Cognate's Trademark Blog

When In Doubt Threaten A Penniless Band On The Other Side of The Planet With A $US2 Million Lawsuit

Very grubby tactics used by a US fast food chain and their San Diego Lawyers,Mintz Levin, on a small indie band in Wollongong Australia.

The Australian Broadcasting Corporation report

The four-piece band recently received a cease and desist letter from the lawyers of the US restaurant giant Ruby Tuesday, stating that they were taking legal action against the group and threatening a $2 million lawsuit.

“We provide you with this notice of infringement and demand that you promptly remove the Ruby Tuesday mark on your website, apparel, and social media and cease all use of RUBY TUESDAY,” stated the letter from Mintz Levin lawyers based in San Diego, California.

“It constitutes wilful trademark infringement and cybersquatting.

“It is a blatant attempt to play off of Ruby Tuesday’s registered and famous Ruby Tuesday trademark in order to promote an affiliation associated with that famous mark.”

The band said that, like the food company, they took their name from the Rolling Stones song, although the local band’s music is quite different to the group that inspired it.

External Link: Ruby Tuesday Band music

The legal letter represented a bumpy beginning for the new rock/punk band after only forming in late 2017.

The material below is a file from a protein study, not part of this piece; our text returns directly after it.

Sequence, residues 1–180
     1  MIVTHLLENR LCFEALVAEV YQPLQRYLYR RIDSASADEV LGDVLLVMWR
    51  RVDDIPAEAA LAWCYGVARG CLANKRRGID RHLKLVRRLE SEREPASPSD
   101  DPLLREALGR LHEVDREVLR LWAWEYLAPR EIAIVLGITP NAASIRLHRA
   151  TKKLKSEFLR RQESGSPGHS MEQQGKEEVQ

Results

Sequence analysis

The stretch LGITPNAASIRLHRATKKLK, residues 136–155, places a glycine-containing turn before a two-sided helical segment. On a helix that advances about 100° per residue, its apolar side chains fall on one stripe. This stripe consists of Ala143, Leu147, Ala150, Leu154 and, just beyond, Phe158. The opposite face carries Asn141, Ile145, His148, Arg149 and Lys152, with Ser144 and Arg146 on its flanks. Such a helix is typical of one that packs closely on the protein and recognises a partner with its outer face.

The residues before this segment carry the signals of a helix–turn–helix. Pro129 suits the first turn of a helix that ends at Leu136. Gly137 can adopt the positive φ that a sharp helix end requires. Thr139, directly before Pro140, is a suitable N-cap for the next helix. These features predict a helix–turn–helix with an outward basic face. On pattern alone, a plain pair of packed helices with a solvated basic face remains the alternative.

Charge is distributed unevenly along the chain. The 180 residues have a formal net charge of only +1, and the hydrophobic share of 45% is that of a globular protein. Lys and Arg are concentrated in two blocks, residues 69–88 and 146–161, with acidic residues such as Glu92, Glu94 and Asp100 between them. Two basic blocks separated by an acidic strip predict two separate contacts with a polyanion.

“The company want the turnover and the destruction of all of our merchandise and money made from our merchandise and albums,” guitarist Shaun Snider said.

“They want our domain name, us to change our name and pay their legal and other costs.”

What was particularly baffling to the men was that far from being alone, the band was actually one of many bearing a variation on the name Ruby Tuesday.

“There’s a whole other bunch of Ruby Tuesday bands out there, there’s Ruby Tuesday beer, there’s Ruby Tuesday belly dancing, jewellery,” Mr Snider said.

The band won’t give up the name

“We were scared at first, it’s quite a threatening letter, like a science-fiction read,” lead singer Paul Keys said.

“They are suing us for $2 million, which we have no chance of paying — but if we were to lose, it would be their legal fees also.”


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